I like your question: Where do you finish and where does the world begin? That should really be an experiment in itself. Just moving my hand from three feet out in the world closer and closer to my Eye, I can't find a boundary between the inner and outer. I'm a single presence or awareness -- with an inward and an outward view. The Dao has a yin view and a yang view. I've come across some authors (Hans Georg Moeller, Diane Morgan, Jonathan Star, and JC Cooper) who write about this same idea, seeing Dao as a single presence with two aspects. Many other writers at times imply the same thing. But do they See it as a fact, the Fact? I think that requires the experiments. They know something and write about it eloquently, but they don't point to it with their finger. That's what's needed to make it real. This is what Douglas called the Grand Design but in Daoist terms.

I think free will is an after-the-fact illusion. We're free to do what our mind process tells us to do. The process depends on so many conditions. It's partly conscious and partly not conscious. If we're given the freedom to explore and weigh various views of the world, we may just get it right. But that depends on many circumstances. I don't want to say that conditions are all accidental. I can't prove there's any kind of grace in the world. The grace I see has not been given equally to everyone. Maybe that's okay. Maybe we're here to share the grace we've been given. I'm certainly grateful that Douglas shared the grace and vision that he was given. Why it came to me, I have no idea. Grace or accident? What appears to be luck and accident is much more than that. Progress and growth is built into this universe. All that is, and all that will be, was latent in the beginning. The Big Bang is still banging! It's not finished yet. We are in the midst of it. We are it. Compared to that, what a pitiful thing individual "free will" would be. It would be like disowning existence itself to set out on your own. It's a real dead end, as I see it.

You say: "We never left our lives but we seem prone to a variety of wrong views." I like Douglas's saying about going back to the place we never left. We just no longer notice the obvious. Words and education lead us to a third-person view of the world and ourselves. Why wouldn't it? We get our leaning from people who legitimately see us as third persons. It's understandable that we get the wrong view and get the view wrong. It takes a certain genious to figure out what has gone wrong. Luckily for us, Douglas had that genious and more. He broke out of the third-person trap with a simple vision, and it affected him so positively that he wanted to show others how to escape the trap. I think he'd say that we really aren't "others." We're really a single presence. Call it God or Dao or the Nameless.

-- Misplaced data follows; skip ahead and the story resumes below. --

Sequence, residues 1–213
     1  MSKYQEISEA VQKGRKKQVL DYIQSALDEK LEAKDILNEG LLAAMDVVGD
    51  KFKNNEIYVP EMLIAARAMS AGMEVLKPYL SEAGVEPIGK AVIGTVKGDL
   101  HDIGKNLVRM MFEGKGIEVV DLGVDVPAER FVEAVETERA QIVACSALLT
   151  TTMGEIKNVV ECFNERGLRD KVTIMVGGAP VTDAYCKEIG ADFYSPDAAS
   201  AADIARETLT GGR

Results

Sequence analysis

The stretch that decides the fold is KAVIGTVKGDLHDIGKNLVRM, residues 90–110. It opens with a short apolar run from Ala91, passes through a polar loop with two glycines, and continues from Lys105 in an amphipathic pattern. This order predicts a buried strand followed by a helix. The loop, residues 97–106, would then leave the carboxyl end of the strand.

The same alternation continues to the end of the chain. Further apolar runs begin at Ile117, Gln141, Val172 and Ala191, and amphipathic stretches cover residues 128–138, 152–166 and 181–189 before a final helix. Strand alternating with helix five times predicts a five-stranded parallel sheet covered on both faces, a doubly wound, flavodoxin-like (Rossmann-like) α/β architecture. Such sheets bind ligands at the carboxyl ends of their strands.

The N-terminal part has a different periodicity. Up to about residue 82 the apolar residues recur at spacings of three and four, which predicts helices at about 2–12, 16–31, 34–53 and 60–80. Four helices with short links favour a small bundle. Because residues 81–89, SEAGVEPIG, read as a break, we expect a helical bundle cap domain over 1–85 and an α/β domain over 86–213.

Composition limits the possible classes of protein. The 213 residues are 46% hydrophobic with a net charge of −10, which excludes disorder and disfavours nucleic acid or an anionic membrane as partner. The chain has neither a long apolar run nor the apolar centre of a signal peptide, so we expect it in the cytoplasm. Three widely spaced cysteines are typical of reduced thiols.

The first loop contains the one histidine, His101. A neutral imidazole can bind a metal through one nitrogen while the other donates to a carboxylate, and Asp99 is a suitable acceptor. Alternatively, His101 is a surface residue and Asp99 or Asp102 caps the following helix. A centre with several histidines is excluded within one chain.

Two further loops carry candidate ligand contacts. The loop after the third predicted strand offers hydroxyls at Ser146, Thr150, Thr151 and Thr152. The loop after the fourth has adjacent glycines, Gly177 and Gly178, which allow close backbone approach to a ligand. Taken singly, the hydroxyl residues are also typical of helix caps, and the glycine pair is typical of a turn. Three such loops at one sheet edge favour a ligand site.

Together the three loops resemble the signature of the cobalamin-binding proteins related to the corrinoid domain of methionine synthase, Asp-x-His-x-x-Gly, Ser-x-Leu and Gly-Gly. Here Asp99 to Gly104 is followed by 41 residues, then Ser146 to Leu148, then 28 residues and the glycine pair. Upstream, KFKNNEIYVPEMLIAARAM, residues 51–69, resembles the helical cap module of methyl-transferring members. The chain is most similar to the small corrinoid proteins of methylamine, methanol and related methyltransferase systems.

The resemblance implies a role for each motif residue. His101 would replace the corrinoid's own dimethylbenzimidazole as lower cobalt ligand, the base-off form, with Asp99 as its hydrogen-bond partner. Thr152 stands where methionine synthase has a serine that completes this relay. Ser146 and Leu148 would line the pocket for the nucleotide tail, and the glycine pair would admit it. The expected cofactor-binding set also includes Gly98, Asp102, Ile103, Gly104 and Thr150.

Jim


From: Steve Palmer
Posted: Sat May 16, 2009

Quote:
We're really a single presence.

Functioning as the many.
So notice the place you never left and trust that intuitively,
as the big bang continually unfolds
in the country of everlasting clearness.

( the Douglas cliche's just poured out tonight, along with the big bang ! )

Steve


From: simon
Posted: Sun May 17, 2009

Nice discussion, nothing in particular to add, except a confirmation:
I sent a friend currently in New Zealand the still point video (via facebook)
Having done the experiment he then invented a listening version, lying on his bed, turning his head from side to side.
He discovered (i translate from the French)
"So I am nowhere or everywhere"

Simplicity
very Tao, very present, very here...


From: Keeping-Dog-Eye
Posted: Thu May 21, 2009

Quote: where do you finish and where does the world begin?

Just to say hi to all the posters on this thread, and toss my tuppence into the stream!

It struck me that the above question is inherently dualistic. The moment the 'You' or 'I' appears there is a separation giving birth to duality. If I believe my thoughts and conditioning then I am a 'person', an individual separate from this object full of other separate things: ie the world. This is false reality. There is no split, no separation, what I am is not my name, my body, the 'I' which I have been told that I am is not really me. What I am is a manifestation of the eternal 'Self' from which all emanates. There is no seer and nothing seen, no subject and object, just eternal presence. This one eternal emanation of which my appearance is a manifestation exists outside mind-made concepts like 'begining and ending'. The true imperishable Self which I am is perpetual, never born, never dying. Once the ego is seen for what it is, an obstacle obstructing the One source from realising itself, then the question, Where do I finish and where does the world begin? is rendered meaningless.